Should we stay or should we go?

By Tom Claridge International Relations Graduate Student, Columnist  Essentially, both sides of the EU debate are right. The Leave campaign is correct when they talk of the Union’s impact upon Parliament’s sovereignty, as the EU does have the ability to make rules for its twenty-seven member states. Each European law is essentially one part British…

Brexit in the Bubble

By Blanca Franch Camino Undergraduate Economics Student, Correspondent  Politics, despite popular misconceptions, affects our lives in several ways. A Brexit would have serious repercussions in St Andrews, since both the financial structure and the entire higher education system are tied up in the European Union. St Andrews would see marked effects on both its funding…

Une Revolution sans Revolution: Scotland & the Panama Papers

By Amy Westwell Tait Masters Student of Literature in Intellectual History  In the early days of the French Revolution, a curious phenomenon occurred. Aristocrats who held provincial privileges, titles, and rights to land, legislated to destroy their own privilege. Later they would explicitly ban insignia adorning houses: coats of arms and weathercocks. Did they partake in this masochistic…

Students for Life: a Controversial Society

Dominic Nolan talks with Jack Stukel, the President of the Students for Life – St Andrews, about running a controversial society in a university environment. What does your society do? Students for Life St Andrews is all about promoting a culture of life in St Andrews University and to celebrate life from conception till natural…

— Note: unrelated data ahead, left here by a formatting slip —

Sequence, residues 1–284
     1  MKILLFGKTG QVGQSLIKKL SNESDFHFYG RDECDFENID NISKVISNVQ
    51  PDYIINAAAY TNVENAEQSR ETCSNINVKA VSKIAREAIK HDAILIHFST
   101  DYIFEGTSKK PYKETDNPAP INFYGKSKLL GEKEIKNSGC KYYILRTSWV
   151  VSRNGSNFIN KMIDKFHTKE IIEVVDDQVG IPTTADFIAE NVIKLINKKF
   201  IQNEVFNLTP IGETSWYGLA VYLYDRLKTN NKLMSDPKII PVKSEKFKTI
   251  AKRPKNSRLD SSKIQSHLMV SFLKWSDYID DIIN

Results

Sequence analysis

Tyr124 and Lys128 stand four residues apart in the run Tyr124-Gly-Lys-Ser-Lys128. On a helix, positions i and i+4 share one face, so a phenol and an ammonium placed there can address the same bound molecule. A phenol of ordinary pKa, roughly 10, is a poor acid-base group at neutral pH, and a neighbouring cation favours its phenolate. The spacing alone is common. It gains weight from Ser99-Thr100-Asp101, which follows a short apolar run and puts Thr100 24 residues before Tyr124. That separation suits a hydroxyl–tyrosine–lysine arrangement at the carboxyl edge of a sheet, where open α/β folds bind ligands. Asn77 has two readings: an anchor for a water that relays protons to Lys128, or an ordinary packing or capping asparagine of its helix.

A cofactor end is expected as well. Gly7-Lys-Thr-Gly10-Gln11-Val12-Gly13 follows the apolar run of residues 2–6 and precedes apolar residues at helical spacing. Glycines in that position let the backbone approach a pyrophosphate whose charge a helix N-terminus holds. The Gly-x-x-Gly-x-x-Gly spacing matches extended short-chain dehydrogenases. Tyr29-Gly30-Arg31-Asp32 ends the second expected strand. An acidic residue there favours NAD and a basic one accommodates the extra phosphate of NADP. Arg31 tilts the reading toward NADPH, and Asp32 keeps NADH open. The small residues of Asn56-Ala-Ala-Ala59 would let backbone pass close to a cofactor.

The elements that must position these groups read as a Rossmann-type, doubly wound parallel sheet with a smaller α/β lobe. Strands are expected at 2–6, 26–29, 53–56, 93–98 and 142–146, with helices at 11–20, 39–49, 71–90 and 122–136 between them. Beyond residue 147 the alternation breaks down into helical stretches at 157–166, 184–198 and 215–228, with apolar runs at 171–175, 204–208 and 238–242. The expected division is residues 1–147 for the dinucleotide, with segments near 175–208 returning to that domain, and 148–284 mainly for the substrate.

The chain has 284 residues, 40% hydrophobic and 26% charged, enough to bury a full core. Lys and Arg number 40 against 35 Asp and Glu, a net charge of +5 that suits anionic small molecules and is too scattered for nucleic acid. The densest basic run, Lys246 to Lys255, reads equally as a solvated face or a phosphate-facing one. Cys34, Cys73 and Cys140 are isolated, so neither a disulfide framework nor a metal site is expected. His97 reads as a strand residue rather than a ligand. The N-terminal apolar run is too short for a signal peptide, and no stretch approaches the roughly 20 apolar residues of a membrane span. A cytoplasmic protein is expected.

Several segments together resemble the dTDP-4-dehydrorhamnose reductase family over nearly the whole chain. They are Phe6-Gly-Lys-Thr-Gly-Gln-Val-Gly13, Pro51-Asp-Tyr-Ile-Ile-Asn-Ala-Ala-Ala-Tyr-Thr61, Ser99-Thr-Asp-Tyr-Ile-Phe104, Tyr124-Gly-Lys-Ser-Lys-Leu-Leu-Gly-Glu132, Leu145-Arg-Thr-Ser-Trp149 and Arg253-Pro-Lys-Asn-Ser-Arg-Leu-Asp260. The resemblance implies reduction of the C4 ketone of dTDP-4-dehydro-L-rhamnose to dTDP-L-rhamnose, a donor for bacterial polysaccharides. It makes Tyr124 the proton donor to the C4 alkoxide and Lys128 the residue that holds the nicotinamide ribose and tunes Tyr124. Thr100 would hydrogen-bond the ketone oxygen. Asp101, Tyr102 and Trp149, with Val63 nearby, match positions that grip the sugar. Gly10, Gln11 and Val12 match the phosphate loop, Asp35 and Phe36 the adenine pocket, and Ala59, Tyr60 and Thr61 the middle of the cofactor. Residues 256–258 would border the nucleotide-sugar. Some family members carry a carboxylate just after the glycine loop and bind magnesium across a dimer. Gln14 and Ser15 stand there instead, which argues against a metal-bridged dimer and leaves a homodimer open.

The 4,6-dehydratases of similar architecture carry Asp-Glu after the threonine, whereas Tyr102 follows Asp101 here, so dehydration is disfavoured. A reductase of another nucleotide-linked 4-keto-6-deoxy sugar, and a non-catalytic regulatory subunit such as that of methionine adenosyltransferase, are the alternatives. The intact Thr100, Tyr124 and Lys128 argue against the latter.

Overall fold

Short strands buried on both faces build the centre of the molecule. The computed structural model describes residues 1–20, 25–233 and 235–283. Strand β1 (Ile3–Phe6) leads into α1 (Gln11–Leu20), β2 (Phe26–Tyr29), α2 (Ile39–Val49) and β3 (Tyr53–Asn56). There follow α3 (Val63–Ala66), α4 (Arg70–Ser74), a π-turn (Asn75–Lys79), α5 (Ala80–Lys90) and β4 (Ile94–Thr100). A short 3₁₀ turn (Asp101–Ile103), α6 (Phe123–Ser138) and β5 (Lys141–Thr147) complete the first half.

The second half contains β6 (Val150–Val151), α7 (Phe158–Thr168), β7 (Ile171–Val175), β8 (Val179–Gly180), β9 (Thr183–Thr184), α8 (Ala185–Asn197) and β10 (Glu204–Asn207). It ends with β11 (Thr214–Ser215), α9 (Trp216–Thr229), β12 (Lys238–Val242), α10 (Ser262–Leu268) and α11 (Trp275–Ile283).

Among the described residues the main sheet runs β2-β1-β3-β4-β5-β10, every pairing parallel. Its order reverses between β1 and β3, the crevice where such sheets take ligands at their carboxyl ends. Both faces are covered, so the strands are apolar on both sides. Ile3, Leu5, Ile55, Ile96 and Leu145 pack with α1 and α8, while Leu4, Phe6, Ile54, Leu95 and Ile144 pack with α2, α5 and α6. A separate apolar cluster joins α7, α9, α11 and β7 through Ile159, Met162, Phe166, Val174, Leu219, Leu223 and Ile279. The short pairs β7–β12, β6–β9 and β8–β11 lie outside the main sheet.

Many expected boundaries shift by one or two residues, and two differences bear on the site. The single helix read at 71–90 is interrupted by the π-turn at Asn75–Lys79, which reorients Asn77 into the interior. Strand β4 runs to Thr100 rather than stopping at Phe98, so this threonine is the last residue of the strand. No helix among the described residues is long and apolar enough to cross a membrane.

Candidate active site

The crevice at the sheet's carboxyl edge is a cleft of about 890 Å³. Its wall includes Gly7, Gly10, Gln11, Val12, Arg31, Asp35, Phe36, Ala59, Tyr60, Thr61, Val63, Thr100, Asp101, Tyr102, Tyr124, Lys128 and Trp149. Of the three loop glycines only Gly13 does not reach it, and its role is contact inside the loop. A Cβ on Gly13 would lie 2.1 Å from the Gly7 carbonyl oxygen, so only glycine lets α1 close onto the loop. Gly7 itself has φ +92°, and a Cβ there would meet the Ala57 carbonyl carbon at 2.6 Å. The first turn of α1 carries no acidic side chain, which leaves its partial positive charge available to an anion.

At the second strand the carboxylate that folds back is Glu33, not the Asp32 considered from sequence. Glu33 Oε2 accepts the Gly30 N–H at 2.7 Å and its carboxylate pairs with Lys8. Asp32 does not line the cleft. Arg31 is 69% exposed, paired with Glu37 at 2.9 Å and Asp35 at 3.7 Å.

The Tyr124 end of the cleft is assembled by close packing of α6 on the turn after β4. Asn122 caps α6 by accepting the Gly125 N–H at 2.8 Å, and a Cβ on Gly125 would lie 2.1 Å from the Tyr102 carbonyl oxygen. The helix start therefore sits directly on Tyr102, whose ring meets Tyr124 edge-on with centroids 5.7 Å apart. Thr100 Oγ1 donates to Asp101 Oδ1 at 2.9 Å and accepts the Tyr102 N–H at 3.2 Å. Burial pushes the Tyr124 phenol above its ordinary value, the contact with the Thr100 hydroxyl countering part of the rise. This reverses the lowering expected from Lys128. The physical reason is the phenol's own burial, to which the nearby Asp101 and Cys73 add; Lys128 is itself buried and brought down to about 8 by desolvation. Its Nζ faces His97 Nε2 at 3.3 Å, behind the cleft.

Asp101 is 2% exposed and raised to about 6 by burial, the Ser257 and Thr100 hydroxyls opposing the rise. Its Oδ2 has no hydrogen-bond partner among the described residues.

Excellent Essays: The Industrial Revolution as a Result of Britain’s Commercial Success Between 1500-1750

By Sergey Puchkov Economics Undergraduate Student Trade as the Cause of the Industrial Revolution in Britain As Robert C. Allen put it, “Britain’s empire served Britain’s economy.” Between 1500-1750, Britain established a colonial trade empire, and overtook Mediterranean economies in the production and export of wool and draperies. The development of commerce led to: (1) the growth of…

The True Cost of Free University Tuition

By Dominic Nolan Correspondent, Economics and International Relations Undergraduate Student All is not as it appears in Scottish higher education, a system which is held up as a bastion of social progressiveness by many. Scotland is the only nation of the United Kingdom which does not charge its students tuition fees, which some have argued…

Is Foreign Investment in London to Blame for Property Prices?

By James Moynan Theory Section Editor, Economics Undergraduate Student  Siddons Court is a largely unimpressive feat of architecture, a housing block constructed of a mixture of red and brown brick. Its design barely warrants a glance by the common Londoner, especially when compared to the nearby majestic royal opera house. You would assume Flat 1a,…

European Students: How Valuable Will Your Money Be?

By Blanca Franch Camino Correspondent, Undergraduate Economics Student  European Union students at the University of St Andrews have probably been wondering about the most intelligent way to behave regarding recent changes of their finances. Little did they know that many of the most important decisions were being made for them. In fact, during second semester last…

Monetary Policies of the ECB and the Bank of England

By: Renzo Forastiero “The primary objective of the ECB’s monetary policy is to maintain price stability. The ECB aims at inflation rates of below, but close to, 2% over the medium term.” The above sentence highlights the main flaw of the mandate given to the European Central Bank (ECB) at the Euro’s inception, inflexibility.   It’s…

A Study in Supply

By: Leanne Iorio & Natasha Franks One basic law of economics is that low supply + high demand = high prices.  This equation perfectly captures the commercial real estate situation in St Andrews. Commercial property is undoubtedly in low supply in our town, with essentially only three available commercial streets.  Low supply can drive up prices,…